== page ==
Tuesday, 10 July 2012

Baroque Bows and the Bearded Lady

On a CD that I've recently received for review is a symphony by Peter Maxwell Davies but of more interest to me on the same disc is a piece by Davies called "Cross Lane Fair" which, written in 1994, was inspired by memories of a childhood fairground.

This composer is notorious for his dislike of pop music and will quickly leave places that pump out wallpaper musak. Minimalist music he dismisses as repetitive and having no interesting musical development. I'm afraid I always steered clear of his music, finding it too cerebral and difficult for me. I've changed my mind.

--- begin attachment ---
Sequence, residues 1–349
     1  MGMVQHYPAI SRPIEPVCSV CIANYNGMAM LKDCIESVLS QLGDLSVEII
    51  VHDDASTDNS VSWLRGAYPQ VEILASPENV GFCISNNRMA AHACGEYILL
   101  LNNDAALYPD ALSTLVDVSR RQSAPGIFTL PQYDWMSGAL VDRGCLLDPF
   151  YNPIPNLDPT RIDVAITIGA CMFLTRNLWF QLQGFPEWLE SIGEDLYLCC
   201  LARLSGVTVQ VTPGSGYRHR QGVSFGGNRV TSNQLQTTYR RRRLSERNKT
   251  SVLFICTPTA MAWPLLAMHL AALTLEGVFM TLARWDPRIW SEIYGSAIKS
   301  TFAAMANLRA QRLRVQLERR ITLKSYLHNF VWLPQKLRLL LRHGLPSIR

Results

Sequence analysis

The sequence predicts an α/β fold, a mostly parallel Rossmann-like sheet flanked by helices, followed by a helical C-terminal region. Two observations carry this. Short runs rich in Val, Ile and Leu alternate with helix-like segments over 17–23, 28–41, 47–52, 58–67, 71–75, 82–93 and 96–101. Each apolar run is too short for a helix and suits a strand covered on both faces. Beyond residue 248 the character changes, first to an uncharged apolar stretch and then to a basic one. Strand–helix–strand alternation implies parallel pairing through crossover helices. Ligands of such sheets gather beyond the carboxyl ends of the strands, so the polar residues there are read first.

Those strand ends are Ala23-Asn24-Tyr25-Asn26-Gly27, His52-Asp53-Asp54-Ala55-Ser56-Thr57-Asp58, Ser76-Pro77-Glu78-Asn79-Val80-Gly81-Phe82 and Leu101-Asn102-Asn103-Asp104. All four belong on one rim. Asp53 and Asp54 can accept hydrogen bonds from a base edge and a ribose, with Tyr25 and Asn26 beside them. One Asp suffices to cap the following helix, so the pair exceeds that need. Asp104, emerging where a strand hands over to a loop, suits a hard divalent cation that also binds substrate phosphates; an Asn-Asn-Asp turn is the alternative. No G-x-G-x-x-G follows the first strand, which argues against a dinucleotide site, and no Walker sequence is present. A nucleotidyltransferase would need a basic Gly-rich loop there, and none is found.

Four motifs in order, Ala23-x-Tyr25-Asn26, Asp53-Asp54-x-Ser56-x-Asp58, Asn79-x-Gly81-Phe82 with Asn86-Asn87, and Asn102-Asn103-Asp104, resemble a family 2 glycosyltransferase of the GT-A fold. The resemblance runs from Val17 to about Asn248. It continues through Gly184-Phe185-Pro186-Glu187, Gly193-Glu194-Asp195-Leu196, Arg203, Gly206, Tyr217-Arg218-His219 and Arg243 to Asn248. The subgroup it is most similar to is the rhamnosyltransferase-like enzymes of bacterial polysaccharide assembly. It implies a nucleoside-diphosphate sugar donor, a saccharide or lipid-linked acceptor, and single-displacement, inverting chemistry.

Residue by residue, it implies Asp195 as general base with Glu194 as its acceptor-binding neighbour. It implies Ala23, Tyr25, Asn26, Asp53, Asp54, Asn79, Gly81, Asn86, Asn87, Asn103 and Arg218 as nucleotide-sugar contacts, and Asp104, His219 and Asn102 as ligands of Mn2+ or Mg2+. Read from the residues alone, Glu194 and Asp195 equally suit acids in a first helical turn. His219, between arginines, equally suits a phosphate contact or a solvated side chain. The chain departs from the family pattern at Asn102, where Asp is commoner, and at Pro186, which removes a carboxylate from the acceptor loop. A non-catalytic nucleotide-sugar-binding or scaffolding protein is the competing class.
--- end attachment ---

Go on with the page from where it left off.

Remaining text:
The old rebel of contemporary music is up to his ninth symphony which will be performed at this year's Proms for the first time on 23rd August. Nine is a particularly important number for the major symphonists, as you may well know. "Cross Lane Fair", an admittedly comparatively much lighter work than the symphonies, is scored for chamber orchestra, Northumbrian pipes and an Irish drum, the bodhrán. The pipes consist of one chanter, usually with keys, and four drones. Each note is played by lifting only one finger or by opening one key and the effect which is comparatively staccato combines with the small bore of the pipes to create a much quieter instrument than the full-blown bagpipes, hence they are less primitive in effect. The bodhrán is the most basic of drums. It consists of a circular frame on which is mounted a single skin. The player is usually seated with the drum held vertically and one hand placed inside the frame on the skin. This hand is then used to control both the volume and the pitch of the sound while the other hand beats the skin, either directly or with a "cipin" or "tipper".